BERGSTROM AIR FORCE BASE
BERGSTROM AIR FORCE BASE. Bergstrom Air Force Base, on State Highway 71 seven miles east of Austin in Travis County, was activated on September 19, 1942, as Del Valle Army Air Base. It was constructed in the summer of 1942 on 3,000 acres leased from the city of Austin. The Chisholm Trail ran through the tract. The name of the base was changed to Bergstrom Army Air Field on March 3, 1943, in honor of Capt. John A. E. Bergstrom, who was killed at Clark Field, Philippine Islands, on December 8, 1941. He was the first Austinite killed in World War II. The base was renamed Bergstrom Field on November 11, 1943, and became Bergstrom Air Force Base in December 1948. Initially, Bergstrom was the home of troop-carrier units. It was declared a permanent base after World War II and was at various times assigned to the Strategic Air Command and the Tactical Air Command. After July 1966 it was under the control of the Tactical Air Command and housed the headquarters for the Twelfth Air Force, which was responsible for all Tactical Air Command reconnaissance, fighter, and airlift operations west of the Mississippi River. The economic contribution of the base in fiscal 1989 on a fifty-mile radius was estimated to be $343 million and on Central Texas, $533 million. On September 30, 1993, Bergstrom was officially closed. That year voters approved a bond issue for the construction of an Austin airport at the base.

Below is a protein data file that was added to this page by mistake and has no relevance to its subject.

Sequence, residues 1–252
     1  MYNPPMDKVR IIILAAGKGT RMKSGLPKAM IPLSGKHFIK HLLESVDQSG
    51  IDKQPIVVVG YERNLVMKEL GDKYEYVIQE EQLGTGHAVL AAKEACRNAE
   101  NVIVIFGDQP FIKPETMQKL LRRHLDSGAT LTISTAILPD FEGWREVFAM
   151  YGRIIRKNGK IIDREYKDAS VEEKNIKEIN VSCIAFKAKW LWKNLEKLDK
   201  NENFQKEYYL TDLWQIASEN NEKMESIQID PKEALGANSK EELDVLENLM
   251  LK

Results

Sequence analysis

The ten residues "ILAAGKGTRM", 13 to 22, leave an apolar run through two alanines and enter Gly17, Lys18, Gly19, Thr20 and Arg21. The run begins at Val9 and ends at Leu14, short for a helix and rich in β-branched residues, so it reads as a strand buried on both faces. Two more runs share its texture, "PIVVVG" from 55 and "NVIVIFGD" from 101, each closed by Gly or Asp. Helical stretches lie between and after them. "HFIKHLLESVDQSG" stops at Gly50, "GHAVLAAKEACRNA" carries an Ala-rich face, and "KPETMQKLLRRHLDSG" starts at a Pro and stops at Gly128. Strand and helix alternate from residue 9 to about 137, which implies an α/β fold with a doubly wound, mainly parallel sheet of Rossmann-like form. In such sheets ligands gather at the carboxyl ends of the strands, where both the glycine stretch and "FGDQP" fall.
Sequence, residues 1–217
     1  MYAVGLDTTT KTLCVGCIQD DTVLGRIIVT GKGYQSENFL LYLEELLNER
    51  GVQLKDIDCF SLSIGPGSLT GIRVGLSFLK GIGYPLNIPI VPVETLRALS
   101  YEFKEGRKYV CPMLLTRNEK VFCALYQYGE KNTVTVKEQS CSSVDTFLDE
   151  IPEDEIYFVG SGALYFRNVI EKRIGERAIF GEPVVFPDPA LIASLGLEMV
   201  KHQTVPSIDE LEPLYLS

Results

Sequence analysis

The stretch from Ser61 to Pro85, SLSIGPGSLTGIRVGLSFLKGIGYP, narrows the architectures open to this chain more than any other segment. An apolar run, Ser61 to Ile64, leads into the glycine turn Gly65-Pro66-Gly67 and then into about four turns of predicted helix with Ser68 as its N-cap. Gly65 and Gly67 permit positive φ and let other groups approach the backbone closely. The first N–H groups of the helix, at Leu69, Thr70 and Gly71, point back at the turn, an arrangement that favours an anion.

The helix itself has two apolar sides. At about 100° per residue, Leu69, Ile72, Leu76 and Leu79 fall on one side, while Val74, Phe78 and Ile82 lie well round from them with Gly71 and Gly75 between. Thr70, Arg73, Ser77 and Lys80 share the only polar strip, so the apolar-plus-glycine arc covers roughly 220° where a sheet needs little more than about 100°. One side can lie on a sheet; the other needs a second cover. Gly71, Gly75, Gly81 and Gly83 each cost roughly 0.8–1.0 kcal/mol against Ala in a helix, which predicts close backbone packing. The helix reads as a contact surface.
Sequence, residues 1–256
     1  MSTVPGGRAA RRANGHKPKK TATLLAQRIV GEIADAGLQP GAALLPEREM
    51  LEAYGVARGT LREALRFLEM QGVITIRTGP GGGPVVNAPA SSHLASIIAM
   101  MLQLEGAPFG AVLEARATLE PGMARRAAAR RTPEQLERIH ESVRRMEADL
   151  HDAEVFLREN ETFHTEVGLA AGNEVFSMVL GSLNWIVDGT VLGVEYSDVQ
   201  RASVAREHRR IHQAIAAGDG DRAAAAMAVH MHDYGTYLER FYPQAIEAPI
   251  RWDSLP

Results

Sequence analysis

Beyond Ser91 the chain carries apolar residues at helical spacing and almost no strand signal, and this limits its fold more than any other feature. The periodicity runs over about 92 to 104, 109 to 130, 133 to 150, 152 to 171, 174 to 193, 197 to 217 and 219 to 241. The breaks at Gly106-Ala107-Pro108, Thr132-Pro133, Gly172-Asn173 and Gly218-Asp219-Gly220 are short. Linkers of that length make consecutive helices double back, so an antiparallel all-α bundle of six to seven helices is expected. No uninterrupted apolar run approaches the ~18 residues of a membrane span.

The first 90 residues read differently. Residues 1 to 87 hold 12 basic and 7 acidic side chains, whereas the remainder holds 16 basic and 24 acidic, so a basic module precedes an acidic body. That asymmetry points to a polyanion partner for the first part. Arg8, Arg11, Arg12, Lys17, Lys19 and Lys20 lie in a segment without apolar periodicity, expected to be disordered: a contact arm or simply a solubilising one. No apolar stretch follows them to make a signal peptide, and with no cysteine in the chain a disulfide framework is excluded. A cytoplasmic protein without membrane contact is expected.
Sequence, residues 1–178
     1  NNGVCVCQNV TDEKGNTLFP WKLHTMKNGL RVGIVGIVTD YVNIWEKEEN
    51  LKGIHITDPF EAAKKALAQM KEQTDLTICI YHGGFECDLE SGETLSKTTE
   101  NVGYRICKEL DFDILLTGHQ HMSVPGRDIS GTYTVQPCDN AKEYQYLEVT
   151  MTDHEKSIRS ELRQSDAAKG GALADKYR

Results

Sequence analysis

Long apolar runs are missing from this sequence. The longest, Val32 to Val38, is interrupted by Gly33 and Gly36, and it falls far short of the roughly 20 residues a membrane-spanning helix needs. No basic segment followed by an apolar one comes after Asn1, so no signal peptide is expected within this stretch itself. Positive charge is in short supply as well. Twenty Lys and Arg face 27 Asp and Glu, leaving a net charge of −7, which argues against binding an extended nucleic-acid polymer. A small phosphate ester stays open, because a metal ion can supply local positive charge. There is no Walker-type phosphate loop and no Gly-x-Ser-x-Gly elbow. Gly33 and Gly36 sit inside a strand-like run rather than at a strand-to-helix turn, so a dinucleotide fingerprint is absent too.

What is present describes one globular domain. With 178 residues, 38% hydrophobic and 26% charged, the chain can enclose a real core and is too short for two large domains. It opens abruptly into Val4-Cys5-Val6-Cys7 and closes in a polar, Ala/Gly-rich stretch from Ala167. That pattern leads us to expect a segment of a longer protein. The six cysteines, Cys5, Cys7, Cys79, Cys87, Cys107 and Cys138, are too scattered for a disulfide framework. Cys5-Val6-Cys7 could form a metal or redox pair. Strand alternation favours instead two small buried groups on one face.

Air Force Bases: A Directory of U.S. Air Force Installations both in the Continental U.S. and Overseas, with Useful Information on Each Base and Its Nearby Community (Harrisburg, Pennsylvania: Stackpole, 1965). Robert Mueller, Air Force Bases, Vol. 1: Active Air Force Bases within the United States of America on 17 September 1982 (Washington: Office of Air Force History, 1989).
The following, adapted from the Chicago Manual of Style, 15th edition, is the preferred citation for this article.Art Leatherwood, "BERGSTROM AIR FORCE BASE," Handbook of Texas Online (http://www.tshaonline.org/handbook/online/articles/qbb02), accessed December 10, 2013. Published by the Texas State Historical Association.